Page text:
EduFacts - Child Poverty


  • The facts on child poverty are shocking: there were 4.1 million children living in poverty in the UK in 2016-17, an increase of 100,000 on the previous year. 1  This means 30% of children, or nine pupils in every classroom of 30 pupils, are officially poor.
  • Most shockingly, work does not provide a guaranteed route out of poverty: 67% of the 4.1 million children in poverty have at least one parent in work.
  • Regional child poverty figures released by the End Child Poverty Coalition in January 2018 show that there are now constituencies where more than half of children are growing up in poverty. The figures also show that some of the most deprived areas of the UK have seen the biggest increases in child poverty - of up to 10 percentage points in some cases - since the last local child poverty figures were released in December 2015. 2
  • Research by the End Child Poverty coalition also demonstrates that the poorest families in the UK pay higher prices than better-off families for basic necessities. A family living in poverty is likely to have to pay nearly £1,700 more than a higher income family for essential household items like a cooker, energy and home insurance. 3
  • Levels of poverty are also projected to rise in the next five years, with the Institute for Fiscal Studies (IFS) predicting that, “if planned benefit cuts go ahead and earnings grow as the OBR forecasts, inequality will start to rise”.   The IFS also predicts that “low-income households with children will fare worse than other households”. 4
  • The roll out of universal credit is likely to compound the problem for families further. Half of low paid workers are currently paid weekly but a built-in delay to universal credit requires claimants to wait at least 42 days before receiving a benefit payment.
  • Poverty has a significant impact on the educational experience and attainment of many children growing up in the UK. Moreover, there is a stronger relationship between parental social background and children’s test scores in England than in many other rich countries. 5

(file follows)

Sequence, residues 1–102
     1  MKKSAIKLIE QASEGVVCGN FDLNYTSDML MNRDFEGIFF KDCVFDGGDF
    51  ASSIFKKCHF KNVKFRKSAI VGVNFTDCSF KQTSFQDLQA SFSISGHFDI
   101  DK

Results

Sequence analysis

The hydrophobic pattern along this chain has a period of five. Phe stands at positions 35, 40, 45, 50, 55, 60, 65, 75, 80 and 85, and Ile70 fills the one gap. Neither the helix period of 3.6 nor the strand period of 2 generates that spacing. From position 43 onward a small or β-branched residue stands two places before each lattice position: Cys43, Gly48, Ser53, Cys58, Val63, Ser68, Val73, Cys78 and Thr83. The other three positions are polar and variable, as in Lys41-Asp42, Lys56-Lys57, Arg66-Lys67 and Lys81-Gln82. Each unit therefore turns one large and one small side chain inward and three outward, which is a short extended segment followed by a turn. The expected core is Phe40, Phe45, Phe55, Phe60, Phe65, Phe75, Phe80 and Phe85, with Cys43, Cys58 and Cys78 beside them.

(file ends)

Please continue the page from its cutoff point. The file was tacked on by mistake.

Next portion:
• The Government says that raising the achievement of disadvantaged pupils and reducing the attainment gap is a priority. However, rather than directing its efforts towards effectively reducing child poverty and mitigating its effects, this Government has instead frequently sought to scapegoat schools and teachers for the “underachievement” of poor pupils.
  • Teachers are acutely aware of the impact of poverty on the children they teach. One of the most obvious and distressing manifestations of this is the fact that children from disadvantaged households often come to school hungry or malnourished. This not only has a negative impact on the physical and mental wellbeing of those children, it also impairs learning by reducing their ability to concentrate.
  • In a YouGov poll in 2014 commissioned by the NUT, almost half of teachers (49%) reported that malnutrition or hunger was affecting the ability of pupils to concentrate. 6
  • School holiday hunger is a particular problem. While many disadvantaged children are entitled to receive free school meals during term time, hunger among children during school holidays is now commonplace, with parents and carers unable to afford to buy enough food, or food of a high enough quality, for their children during these periods.
  • The NUT conducted a survey of its primary members in March 2017 to gauge the extent of school holiday hunger. Half of respondents stated that they noticed the effects of holiday hunger on their pupils and, of these, 80% said that the number of pupils in their school affected by holiday hunger had increased over the last two years. 7
  • The extent of the impact of holiday hunger within schools is also shocking: 12% of those who responded said that they thought that half or more of the pupils in their school were affected by holiday hunger while 27% indicated that a quarter or more (but less than half) were affected by holiday hunger.
  • Poor and insecure housing impacts the most on those in poverty and impacts on children’s educational experience. According to official Government statistics, over 78,930 households were living in temporary accommodation at the end of December 2017. The number of families with dependent children placed in B&B-style accommodation increased from 740 at the end of June 2010 to 2,030 at the end of December 2017. 8
  • Teachers recognise, and are committed to, the principle that education can make an enormous difference to children’s lives, but schools and teachers cannot address society-wide inequity and the effects of poverty on educational achievement alone. That is the job of Government.